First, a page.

The Hunter Museum of American Art is a major attraction in the heart of Chattanooga, with a collection of more than 3,000 pieces of art.
About ten years ago American Legacy featured an artist named Whitfield Lovell in an article titled “Whispers from the Walls.” The Bronx-born Lovell, whose three-dimensional tableaux—life-size charcoal portraits on pine board, punctuated with everyday (and not so everyday) objects found in flea markets and antique malls, tel the life stories of ancestors, family, and once anonymous individuals from the nineteenth and early twentieth centuries.
There are stories here, stories to be narrated by each of Whitfield Lovell’s spare renderings of humanity. It is the use of juxtaposition that one might notice first – that each piece is composed of a charcoal or crayon drawing on a slate of wood or cream paper, and an artifact, a found object from everyday life (a figurine, a bit of rope, a chain, a knife, a fabric bouquet). The composition is clean, as if portrait and artifact are located near each other without abrasion or overlap.
Prestidigitations & Permutations By Karl F. Volkmar In one of the more curious moments in nineteenth century Europe’s fascination with spiritual phenomena and the occult, Alphonse Louis Constant, under the pen name Eliphas Levi, wrote books on the history and practice of transcendental magic in one of which he explains how to communicate with the…
Whitfield Lovell: Autour Du Monde BY JULIE L. MCGEE, Nka I wonder where is all my relations / Friendship to all and every nation. David Drake The American artist Whitfield Lovell has been collecting and using vintage accoutrements—the material culture of late-nineteenth-and early-twentieth-century African American life, including photographs — for many years. He is best…
Recent Work by Whitfield Lovell and Visions From the South BY ERIC D. BOOKHARDT Excerpt: Whitfield Lovell collects old photographs of African-Americans, often decked out in their best suits and posed formally before the camera. Displaying fine draftsmanship, he recreates their images on wooden planks and then incorporates antique symbolic objects in his eloquent sculptural…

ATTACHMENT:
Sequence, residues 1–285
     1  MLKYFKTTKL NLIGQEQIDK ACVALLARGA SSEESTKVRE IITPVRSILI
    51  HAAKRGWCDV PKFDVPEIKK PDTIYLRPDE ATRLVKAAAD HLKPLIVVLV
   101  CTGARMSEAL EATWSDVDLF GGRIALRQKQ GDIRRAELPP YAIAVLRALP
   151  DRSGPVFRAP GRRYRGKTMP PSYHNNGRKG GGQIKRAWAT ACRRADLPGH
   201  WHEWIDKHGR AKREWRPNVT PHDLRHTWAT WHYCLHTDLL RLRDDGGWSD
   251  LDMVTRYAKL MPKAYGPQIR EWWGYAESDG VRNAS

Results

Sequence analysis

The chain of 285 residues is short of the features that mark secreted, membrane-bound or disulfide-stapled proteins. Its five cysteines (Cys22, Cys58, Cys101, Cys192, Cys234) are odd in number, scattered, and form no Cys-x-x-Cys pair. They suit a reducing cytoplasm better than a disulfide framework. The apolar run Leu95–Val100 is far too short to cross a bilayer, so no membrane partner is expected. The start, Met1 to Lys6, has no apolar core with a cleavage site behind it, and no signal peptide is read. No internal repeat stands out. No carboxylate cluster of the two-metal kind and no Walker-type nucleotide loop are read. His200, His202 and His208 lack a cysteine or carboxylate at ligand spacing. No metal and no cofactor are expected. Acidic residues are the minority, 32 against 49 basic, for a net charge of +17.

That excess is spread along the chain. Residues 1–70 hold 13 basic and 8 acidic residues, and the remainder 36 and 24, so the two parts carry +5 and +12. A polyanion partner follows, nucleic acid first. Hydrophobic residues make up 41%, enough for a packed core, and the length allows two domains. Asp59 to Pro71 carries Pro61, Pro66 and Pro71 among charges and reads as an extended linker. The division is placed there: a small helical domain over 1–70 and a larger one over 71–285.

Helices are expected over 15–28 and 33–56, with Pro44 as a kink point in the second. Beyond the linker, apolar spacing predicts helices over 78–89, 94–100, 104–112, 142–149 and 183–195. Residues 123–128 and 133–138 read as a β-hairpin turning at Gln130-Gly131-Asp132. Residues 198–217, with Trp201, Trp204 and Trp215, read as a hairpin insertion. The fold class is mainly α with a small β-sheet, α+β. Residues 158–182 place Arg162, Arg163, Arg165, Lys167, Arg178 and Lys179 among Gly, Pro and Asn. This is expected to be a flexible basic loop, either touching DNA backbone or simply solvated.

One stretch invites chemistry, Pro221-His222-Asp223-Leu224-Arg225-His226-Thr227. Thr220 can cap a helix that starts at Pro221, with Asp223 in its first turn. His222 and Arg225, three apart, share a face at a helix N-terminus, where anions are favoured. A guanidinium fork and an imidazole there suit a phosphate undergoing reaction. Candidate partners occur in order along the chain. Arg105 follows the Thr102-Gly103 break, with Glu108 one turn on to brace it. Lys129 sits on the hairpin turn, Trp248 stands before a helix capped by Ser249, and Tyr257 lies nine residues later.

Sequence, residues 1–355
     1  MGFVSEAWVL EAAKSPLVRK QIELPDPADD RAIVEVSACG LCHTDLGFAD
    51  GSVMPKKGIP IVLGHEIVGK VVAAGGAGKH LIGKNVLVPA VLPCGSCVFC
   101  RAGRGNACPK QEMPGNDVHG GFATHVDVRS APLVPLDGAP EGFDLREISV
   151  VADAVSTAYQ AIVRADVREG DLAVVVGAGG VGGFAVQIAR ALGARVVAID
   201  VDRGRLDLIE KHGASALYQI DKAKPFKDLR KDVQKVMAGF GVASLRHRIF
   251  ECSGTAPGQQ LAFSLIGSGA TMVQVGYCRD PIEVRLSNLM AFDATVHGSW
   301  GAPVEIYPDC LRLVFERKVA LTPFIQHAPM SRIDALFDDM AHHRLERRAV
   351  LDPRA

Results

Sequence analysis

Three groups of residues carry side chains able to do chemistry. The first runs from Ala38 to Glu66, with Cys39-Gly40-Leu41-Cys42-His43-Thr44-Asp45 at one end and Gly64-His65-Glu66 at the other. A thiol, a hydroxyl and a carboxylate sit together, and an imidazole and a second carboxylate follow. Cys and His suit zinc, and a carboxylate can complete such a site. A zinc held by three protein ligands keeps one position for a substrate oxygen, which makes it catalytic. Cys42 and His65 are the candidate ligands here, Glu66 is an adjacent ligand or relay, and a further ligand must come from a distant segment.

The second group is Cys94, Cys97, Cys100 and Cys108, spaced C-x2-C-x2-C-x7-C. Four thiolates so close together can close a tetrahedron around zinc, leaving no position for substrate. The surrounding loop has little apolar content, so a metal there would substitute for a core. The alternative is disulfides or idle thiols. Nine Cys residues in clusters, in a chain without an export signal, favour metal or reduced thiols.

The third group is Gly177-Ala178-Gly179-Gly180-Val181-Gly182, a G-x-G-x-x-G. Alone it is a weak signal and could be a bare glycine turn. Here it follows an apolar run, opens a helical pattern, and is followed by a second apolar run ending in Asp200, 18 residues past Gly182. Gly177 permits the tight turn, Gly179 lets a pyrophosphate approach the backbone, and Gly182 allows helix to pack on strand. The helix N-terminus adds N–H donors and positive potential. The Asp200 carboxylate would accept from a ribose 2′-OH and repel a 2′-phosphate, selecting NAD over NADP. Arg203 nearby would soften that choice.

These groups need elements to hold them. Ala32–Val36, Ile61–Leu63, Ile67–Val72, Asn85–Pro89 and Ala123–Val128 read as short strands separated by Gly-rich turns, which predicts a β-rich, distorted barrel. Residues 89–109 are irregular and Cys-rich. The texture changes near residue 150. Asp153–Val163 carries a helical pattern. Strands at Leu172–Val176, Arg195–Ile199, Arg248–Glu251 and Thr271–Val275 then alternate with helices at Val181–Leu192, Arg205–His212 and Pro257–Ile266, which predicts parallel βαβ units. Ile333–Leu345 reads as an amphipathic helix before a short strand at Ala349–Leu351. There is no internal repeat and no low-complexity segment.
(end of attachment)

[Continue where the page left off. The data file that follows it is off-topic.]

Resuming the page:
Whitfield Lovell collects old photographs of African-Americans, often decked out in their best suits and posed formally before the camera. Displaying fine draftsmanship, he recreates their images on wooden planks and then incorporates antique symbolic objects in his eloquent sculptural assemblages. Deuce is emblematic: A black couple from a century ago posed with a Victorian chair. Extending from the front of the sepia wooden planks is a tabletop covered in antique lace and vintage silverware. The vintage objects and eerily photographic images contribute to a resonant sense of “presence” that allows us entry into a time and place different from our own, yet so familiar that we can readily relate.
“THE IMPORTANCE OF HOME, FAMILY, ANCESTRY feeds my work entirely,” says Whitfield Lovell, known for his large-scale images of African Americans, drawn in charcoal on weathered wood planks. “African Americans generally were not aware of who their ancestors were, since slaves were sold from plantation to plantation and families were split up.”
Artifacts of a bygone era—barn doors, a spinning wheel, tin snips, playing cards, a revolver, a tin cup—are culled by Whitfield Lovell for his tableaux. All are worn smooth by the hands of individuals long dead, for whom these were means of diversion, labor, self-defense or sustenance. Lovell animates the lost narratives embedded in these personal effects with shadowy charcoal portraits based on anonymous studio photographs, some drawn directly on the artifacts, others on aged wood boards.
The Interior of the “Object” of the home, the objects that furnish these homes, the objects that absent people once used: chairs, beds, glasses, guns, medicine bottles, tools, tubas and record players are in the foreground, while reserved, watchful figure seem to be inside the walls that envelop us as we enter someone’s long abandoned home.